The Falcons biggest off-season addition is cornerback Asante Samuel. The Falcons got Samuel at a bargain and potential steal if he performs up to his abilities, making him one of the key players for 2012.
Samuel’s impact and ability to perform with this team this year will work in heavy conjunction with previously mentioned Dunta Robinson. Samuel is expected to play on the outside while Robinson moves to the slot in nickel situations. That gives the Falcons a potentially potent trio of corners along with Brent Grimes also working into the unit. If all three players can perform up to their talent level, the Falcons could potentially field the league’s three best corners giving them a clear edge when it comes to lining up against the potent spread passing attacks that are numerous in the league today.
Samuel is considered one of the league’s premier corners. And while the Falcons have gotten excellent production from Brent Grimes the past two years, Samuel’s play has been at a higher level. Samuel is essentially a better version of Grimes. Like Grimes, he doesn’t have great size, and is not the most physical player. He has been criticized in the past for being too reluctant to contribute in run support. But where Samuel more than makes up for it is his ability to make plays on the pass and help tilt the field defensively.
According to Pro Football Focus, over the past two seasons Samuel has only allowed 47.1% completions on passes targeted against him, a mark that is sixth among corners. Grimes is not far behind with a completion rate of 48.6%, a mark ranked eighth in the league. But unlike Grimes, Samuel has been one of the least targeted corners in that span, only ranking behind Nnamdi Asomugha in terms of how many times he is thrown at per snap in coverage. Quarterbacks tend to avoid Samuel because they fear his playmaking ability.
Samuel has twice led the league in interceptions over the past six seasons, and has the most total interceptions in the league in that span, with a total of 39, an average of over six per season. Samuel likes to bait quarterbacks into throwing his way, then break on the ball to either pick it off or break up the pass. As mentioned before, most quarterbacks have learned the lesson and tend to avoid Samuel altogether. That trend is expected to continue in Atlanta, which will open more opportunities for a player like Grimes to get more action on the opposite side of the field. Grimes went from one of the league’s most targeted players in the league in 2010 to one of its least in 2011, mainly because passers feared his playmaking skills (5 picks in 2010) too. With Samuel doing his thing, it should give Grimes more opportunities to make big plays.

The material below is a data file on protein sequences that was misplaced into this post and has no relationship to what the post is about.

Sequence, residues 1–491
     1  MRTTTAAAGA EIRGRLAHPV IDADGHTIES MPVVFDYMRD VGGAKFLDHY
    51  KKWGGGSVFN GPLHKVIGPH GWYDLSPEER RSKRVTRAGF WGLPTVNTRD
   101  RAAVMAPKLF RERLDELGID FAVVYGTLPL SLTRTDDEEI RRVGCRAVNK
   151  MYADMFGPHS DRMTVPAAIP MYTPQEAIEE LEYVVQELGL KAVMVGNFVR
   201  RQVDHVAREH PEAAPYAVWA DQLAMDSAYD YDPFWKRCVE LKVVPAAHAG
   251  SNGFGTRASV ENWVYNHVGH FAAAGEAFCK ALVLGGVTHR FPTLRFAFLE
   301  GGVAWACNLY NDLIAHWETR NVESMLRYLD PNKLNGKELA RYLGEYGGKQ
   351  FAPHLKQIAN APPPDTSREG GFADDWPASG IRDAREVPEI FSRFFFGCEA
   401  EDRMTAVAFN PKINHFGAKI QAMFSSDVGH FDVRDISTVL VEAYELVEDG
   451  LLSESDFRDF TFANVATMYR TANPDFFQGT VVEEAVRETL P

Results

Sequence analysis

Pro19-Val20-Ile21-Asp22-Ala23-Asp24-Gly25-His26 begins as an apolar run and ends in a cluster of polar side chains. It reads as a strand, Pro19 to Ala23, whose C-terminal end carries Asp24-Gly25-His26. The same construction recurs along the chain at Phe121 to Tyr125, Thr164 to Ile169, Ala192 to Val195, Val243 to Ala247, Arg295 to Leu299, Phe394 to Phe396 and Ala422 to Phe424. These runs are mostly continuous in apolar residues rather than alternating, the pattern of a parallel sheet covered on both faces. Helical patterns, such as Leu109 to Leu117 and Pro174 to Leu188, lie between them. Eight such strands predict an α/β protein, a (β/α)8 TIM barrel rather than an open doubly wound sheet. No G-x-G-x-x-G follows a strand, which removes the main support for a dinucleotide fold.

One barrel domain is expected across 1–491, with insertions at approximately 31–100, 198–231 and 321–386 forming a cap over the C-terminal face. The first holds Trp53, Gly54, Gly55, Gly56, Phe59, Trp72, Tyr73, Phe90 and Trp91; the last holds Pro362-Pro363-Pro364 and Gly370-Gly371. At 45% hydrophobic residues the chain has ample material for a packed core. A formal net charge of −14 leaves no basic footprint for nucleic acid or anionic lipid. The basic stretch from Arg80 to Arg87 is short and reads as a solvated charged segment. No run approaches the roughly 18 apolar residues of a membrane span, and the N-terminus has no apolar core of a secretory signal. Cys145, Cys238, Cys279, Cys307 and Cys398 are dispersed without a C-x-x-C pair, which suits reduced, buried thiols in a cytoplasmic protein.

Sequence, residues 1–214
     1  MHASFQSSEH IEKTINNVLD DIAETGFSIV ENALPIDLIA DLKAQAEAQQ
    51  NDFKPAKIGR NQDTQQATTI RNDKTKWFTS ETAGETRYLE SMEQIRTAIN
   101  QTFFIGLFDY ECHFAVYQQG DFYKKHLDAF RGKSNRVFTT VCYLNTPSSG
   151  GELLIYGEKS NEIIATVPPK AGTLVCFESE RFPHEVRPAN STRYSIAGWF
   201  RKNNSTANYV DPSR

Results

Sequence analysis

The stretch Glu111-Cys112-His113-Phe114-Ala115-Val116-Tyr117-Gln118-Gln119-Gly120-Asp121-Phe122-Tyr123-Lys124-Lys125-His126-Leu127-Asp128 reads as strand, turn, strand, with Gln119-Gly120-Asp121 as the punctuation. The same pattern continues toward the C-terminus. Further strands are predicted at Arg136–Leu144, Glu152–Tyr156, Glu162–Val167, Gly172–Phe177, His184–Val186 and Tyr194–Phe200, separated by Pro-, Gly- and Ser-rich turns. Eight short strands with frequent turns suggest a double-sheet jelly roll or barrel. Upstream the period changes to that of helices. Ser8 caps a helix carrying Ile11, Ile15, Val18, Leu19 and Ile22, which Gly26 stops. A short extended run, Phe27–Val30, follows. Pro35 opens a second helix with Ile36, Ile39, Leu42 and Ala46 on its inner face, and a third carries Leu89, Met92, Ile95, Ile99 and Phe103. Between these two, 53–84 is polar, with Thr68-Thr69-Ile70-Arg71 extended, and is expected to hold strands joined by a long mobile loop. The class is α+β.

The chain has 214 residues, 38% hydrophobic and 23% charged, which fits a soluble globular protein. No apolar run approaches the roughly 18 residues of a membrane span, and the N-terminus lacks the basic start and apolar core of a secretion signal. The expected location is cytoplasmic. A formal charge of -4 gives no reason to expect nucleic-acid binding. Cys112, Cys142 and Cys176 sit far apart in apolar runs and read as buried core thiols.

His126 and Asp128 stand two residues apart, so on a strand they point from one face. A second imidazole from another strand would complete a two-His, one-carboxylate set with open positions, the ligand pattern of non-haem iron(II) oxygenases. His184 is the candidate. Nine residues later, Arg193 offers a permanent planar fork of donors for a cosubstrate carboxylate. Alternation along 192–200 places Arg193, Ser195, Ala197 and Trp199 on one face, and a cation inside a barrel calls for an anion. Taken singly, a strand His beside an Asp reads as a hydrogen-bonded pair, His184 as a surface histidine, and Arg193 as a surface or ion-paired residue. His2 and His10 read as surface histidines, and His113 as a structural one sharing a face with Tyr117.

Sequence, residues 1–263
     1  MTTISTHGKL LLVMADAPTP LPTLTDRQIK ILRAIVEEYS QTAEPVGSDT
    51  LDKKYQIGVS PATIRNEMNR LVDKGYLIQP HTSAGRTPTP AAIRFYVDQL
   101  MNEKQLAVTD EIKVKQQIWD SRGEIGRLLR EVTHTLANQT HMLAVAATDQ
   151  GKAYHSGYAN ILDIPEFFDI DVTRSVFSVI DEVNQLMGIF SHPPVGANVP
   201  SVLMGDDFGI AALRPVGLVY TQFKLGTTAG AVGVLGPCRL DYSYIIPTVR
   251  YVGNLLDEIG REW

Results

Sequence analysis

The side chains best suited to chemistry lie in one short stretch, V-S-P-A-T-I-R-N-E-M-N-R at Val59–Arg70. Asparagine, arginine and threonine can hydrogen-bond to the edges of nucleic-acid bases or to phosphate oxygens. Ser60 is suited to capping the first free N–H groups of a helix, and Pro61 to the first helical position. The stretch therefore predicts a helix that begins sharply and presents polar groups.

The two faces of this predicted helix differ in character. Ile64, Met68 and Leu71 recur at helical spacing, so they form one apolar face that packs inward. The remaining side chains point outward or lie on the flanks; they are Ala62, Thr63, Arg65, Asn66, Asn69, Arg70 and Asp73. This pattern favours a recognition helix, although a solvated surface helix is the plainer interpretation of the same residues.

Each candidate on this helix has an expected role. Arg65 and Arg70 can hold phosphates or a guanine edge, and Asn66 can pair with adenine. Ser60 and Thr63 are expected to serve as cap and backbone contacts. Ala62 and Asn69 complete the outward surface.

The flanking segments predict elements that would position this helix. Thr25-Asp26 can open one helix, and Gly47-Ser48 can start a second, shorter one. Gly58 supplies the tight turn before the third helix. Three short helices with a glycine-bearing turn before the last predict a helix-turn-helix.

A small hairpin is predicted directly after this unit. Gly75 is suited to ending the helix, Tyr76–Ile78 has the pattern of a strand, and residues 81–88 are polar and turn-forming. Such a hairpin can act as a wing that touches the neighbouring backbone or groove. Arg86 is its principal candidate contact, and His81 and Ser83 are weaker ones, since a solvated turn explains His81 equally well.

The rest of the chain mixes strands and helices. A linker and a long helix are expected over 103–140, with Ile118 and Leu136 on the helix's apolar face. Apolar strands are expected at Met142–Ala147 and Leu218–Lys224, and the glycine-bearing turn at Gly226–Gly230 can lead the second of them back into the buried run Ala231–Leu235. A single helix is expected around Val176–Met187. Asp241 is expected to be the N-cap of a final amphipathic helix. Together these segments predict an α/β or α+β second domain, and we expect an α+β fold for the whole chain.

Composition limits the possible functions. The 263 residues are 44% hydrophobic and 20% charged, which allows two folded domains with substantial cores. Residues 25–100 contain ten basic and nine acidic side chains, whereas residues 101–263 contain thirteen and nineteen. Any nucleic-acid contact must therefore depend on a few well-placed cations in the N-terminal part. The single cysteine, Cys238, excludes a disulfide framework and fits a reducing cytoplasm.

But there is also the potential that Dunta Robinson sees more work in the slot as well, which has been a weakness of this defense over the past several seasons. And if Robinson is not able to handle that higher workload, then whatever benefits Samuel brings are negated by the costs due to Robinson.
Another issue as mentioned earlier is Samuel’s lackluster performance in run support. If the Falcons play a lot of nickel, it is imperative that corners are able to pull their weight in run support because there is one less linebacker on the field. Samuel has routinely been among the league’s worst and least effective run defenders and tacklers over the years. One of the reasons why Samuel has been less than stellar there is because of so much of his energy is put into coverage and making plays there.
One way the Falcons can mitigate this issue is by bringing Samuel off the bench. This was the method in which the Falcons handled their cornerback rotation in 2009 with Grimes coming off the bench and playing on the outside, and the team sliding starter Brian Williams into the slot. They can do the same this year, with Samuels coming off the bench to play outside, Robinson sliding into the slot, and Grimes manning the other outside spot. That way, the team could keep their two superior run defending corners on the field on the majority of run downs and then in obvious passing situations which precipitate the nickel, Samuel can come in and not have to worry as much about his run-stopping deficiency.
The only way all of this can work with Samuel in the mix is if there is no drop-off in his play that could potentially come from adjusting to a new city, locker room, and scheme. Samuel has to be ostensibly the player he has been for the past five or six years which is a dynamic ballhawk. He along with Robinson are the lynchpins to the Falcons improved secondary play and pass defense. His ability to give them a few extra seconds of tight coverage will give the pass rushers more time to get to the quarterback, which has been critically deficient in the Falcons bigger games over the past few years. His ability to be left on an island against quality receivers frees up Mike Nolan to mix up and be more aggressive with his blitz packages, potentially bringing the safeties up for more blitzes, something he did with great effect in previous stops. As mentioned earlier, his presence on one side of the field tilts it towards the other corners, putting them in better position to make impact plays. And it of course gives the Falcons a third corner that is no longer easy prey for quarterbacks like has been the case in recent seasons.
He potentially is the key catalyst to giving the Falcons one of the league’s top defenses, particularly when it comes to pass defense. And if the Falcons 2012 pass defense is good enough to stop or significantly slow down some of the league’s better passing attacks, then it gives them a huge advantage in trying to make a deep playoff run next January if the offense is up to snuff.